Large stocks of the 82-PM-36 and improved 82-PM-37 were captured or destroyed during the rapid German advance in 1941. However, the Soviets developed a new—and arguably superior—mortar in the 82-PM-41, which went into mass production by the end of 1941. Developed as an infantry battalion mortar, it differed from the previous model in that it included a removable wheelbase, and also featured an arched construction base plate. Wheels could slip over the semi-axis of the bipod feed but be removed during firing. This provided greater mobility to the mortar, which weighed 123 pounds with the bipod—the barrel itself weighed 41.9 pounds and had a length of 48 inches.
However, it proved to have a worse center of gravity and the subsequent 82-PM43, which featured an improved bipod design that incorporated the wheels permanently. This eased stability but retained the mobility, and allowed the crew to be able to pull the mortar as they advanced. These two versions were used concurrently throughout the second half of the Great Patriotic War. Both models were fitted with a fixed firing pin and utilized the drop method of firing. The 82-PM-41/43 could achieve a firing rate between 15 and 20 rounds per minute, and these fired an HE (high explosive) round that weighed 7.4 pounds and had a maximum range of 3,400 yards. The 82mm mortars could be traversed three degrees on either side of centerline on the bipod, while for even greater traverse the wheels allowed the entire mortar to be quickly repositioned.
The Soviets designed the 82mm mortars as “Batalyonny Minomyot obr. 1936, 1937, 1941.”
One final mortar that saw limited use by the Soviets was the 37mm light infantry mortar, also known as the spade or shovel mortar. It was produced as a dual-purpose device from 1939 until the end of 1941. It could be used as a spade or shovel as well as a mortar.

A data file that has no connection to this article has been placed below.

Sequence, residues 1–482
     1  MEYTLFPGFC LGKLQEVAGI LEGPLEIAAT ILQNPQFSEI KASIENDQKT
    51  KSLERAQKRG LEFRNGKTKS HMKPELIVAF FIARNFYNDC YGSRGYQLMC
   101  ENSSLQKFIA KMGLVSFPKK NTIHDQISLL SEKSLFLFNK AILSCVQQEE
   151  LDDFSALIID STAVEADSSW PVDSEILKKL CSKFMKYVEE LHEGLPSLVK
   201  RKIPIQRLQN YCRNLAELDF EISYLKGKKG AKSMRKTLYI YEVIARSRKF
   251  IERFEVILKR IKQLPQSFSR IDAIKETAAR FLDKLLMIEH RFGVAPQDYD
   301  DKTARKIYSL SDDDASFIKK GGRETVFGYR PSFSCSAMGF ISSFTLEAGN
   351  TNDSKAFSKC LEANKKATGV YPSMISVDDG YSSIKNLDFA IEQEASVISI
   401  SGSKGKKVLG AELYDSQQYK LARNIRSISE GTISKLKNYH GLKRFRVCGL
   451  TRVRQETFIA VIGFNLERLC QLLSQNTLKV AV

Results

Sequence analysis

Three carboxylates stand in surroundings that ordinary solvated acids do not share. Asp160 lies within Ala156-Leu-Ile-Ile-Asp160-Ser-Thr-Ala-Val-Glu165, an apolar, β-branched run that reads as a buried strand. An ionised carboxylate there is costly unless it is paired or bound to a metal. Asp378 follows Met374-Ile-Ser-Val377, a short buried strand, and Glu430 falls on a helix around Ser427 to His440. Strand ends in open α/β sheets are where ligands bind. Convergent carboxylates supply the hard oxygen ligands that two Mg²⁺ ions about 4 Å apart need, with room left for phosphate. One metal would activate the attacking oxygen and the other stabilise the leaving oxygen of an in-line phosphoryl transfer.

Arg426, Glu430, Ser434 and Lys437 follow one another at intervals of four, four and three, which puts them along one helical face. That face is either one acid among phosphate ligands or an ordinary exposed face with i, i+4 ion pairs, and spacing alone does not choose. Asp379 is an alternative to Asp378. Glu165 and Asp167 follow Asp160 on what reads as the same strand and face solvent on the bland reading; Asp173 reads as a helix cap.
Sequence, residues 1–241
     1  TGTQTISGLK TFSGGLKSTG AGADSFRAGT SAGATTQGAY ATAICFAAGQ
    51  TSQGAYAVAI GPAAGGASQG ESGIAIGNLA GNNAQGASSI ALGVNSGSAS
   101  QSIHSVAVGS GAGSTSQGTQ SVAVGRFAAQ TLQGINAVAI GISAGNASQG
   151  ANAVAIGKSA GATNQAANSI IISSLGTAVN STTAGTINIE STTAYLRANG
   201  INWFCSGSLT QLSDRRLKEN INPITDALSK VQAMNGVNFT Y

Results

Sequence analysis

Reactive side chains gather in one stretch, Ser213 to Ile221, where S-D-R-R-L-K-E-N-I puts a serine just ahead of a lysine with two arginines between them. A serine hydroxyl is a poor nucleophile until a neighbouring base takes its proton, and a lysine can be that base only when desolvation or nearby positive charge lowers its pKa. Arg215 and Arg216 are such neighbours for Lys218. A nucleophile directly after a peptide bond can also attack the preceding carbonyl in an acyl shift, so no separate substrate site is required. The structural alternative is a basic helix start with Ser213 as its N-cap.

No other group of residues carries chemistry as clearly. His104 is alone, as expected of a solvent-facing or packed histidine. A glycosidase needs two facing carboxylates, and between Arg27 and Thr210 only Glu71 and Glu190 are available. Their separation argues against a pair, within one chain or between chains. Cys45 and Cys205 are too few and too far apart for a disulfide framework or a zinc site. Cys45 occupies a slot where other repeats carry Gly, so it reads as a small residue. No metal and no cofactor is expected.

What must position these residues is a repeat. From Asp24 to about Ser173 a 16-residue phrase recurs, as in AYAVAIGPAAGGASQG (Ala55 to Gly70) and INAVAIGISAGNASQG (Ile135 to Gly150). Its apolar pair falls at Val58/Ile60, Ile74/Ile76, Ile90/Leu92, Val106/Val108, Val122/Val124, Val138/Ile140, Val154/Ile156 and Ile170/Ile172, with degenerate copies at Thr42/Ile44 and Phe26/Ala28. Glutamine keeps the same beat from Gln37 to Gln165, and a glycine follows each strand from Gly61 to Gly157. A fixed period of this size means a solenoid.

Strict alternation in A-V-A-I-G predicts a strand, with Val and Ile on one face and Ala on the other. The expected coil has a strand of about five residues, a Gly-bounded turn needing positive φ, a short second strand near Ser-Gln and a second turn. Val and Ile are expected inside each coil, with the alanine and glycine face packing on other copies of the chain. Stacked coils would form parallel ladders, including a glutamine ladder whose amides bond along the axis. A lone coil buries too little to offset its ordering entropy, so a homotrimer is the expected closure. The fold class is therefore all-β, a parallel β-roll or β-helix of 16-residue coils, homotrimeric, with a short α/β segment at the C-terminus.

The spade portion also allowed the spade part of the weapon to be locked into position as a base plate for the mortar. The idea was that in this capacity the weapon could provide support fire for the infantry and be operated by a single soldier. There was no aiming device and the soldier instead pointed the mortar at the target and lobbed shells accordingly. The operator could carry 15 rounds, and each of these weighed 1.1 pounds, while the mortar weighed 3.5 pounds.
This particular weapon was devised as an alternative to a rifle grenade-launcher, as it could be faster to load and fire. The 37mm mortar was used in the 1939-40 Winter War against Finland, where it was found to be ineffective in the heavy snow. It was removed from service after the German invasion. Few examples are known to survive.
Peter Suciu is a Michigan-based writer who has contributed to more than four dozen magazines, newspapers and websites. He is the author of several books on military headgear including A Gallery of Military Headdress, which is available on Amazon.com. This first appeared earlier and is being reposted due to reader interest.